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Storage Area Networks For Dummies® by Alex Nikitin, Christopher Poelker

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Chapter 5. Designing the SAN

In this chapter, you get a look at designing and creating a workable storage area network (SAN), according to tried-and-true basic principles of SAN design. After reading this chapter, you should be able to quickly pick out the best design for your needs. As you'll see, there are a lot of different ways to design a SAN. We start with a basic design that fits most requirements. We also show you how to scale up your SAN design, which will enable you to add more servers and storage as your needs require.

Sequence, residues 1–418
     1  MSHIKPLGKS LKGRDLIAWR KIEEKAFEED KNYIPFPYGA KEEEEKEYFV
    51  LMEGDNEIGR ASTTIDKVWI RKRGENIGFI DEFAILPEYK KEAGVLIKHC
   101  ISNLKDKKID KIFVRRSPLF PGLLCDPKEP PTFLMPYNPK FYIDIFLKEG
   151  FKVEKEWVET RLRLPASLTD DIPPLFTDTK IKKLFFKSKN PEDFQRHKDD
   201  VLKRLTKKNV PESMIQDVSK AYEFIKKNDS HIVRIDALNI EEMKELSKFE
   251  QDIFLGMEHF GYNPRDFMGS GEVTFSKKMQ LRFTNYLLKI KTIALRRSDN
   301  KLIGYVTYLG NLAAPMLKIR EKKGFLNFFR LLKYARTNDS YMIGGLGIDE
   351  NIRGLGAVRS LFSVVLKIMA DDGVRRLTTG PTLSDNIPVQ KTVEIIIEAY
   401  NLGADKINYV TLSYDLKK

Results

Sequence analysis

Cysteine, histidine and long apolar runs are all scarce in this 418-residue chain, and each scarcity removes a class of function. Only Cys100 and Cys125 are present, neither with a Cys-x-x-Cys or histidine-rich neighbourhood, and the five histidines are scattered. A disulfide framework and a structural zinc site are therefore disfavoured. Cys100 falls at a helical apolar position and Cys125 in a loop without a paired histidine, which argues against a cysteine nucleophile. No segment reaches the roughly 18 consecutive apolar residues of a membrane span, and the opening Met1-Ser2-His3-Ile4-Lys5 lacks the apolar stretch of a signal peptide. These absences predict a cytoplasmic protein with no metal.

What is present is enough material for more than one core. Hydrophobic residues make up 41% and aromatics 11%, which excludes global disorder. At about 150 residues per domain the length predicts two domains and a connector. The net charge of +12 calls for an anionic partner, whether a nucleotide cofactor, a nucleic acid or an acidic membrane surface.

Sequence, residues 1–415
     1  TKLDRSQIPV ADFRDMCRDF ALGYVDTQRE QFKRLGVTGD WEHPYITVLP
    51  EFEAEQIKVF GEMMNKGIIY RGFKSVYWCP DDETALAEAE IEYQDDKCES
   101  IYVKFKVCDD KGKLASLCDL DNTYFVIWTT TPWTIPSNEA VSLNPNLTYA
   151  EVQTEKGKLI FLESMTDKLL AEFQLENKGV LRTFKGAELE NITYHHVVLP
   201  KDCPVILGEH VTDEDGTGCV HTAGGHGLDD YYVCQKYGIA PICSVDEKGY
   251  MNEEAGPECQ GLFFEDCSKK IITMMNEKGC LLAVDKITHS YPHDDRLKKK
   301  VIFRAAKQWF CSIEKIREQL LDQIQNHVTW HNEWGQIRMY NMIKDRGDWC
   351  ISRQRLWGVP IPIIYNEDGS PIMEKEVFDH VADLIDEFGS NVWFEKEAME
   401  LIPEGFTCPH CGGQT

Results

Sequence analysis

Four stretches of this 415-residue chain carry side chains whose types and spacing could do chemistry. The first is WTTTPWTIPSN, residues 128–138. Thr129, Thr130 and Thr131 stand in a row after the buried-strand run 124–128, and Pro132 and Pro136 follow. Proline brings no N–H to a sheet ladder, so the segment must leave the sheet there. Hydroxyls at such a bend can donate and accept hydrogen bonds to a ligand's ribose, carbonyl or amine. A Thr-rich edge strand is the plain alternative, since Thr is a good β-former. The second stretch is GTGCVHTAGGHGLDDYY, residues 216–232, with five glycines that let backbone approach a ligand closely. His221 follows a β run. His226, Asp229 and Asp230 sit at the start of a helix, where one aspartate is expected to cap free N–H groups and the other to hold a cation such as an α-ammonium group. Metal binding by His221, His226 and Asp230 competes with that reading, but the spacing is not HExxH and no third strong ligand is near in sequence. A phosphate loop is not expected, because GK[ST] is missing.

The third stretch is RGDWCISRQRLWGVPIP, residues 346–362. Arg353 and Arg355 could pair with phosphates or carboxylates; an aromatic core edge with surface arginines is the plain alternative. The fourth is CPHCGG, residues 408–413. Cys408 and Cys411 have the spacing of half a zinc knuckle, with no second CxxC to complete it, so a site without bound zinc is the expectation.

Basic SAN Designs: Understanding the Layers

As shown in Figure 5-1, SANs are built in three layers:

  • The host layer: This is where all your servers reside. The servers run the high-performance applications that run your business, and those application servers need hard-drive storage space to store their data. Every server in the host layer uses a Host Bus Adapter (HBA) to connect it to the fabric layer. The HBA connects the server with a fiber-optic cable to the hubs or switches in the fabric layer.

  • The fabric layer: This is the actual network part of the SAN. It's also known as the SAN layer because it's the basic plumbing of the storage area network. It's the central connection point between the servers in the host layer and the storage devices in the storage layer. The devices in the fabric layer house most of the intelligence that enables SAN communications to occur so your data can flow between the host layer and the storage layer.

  • The storage layer: This ...

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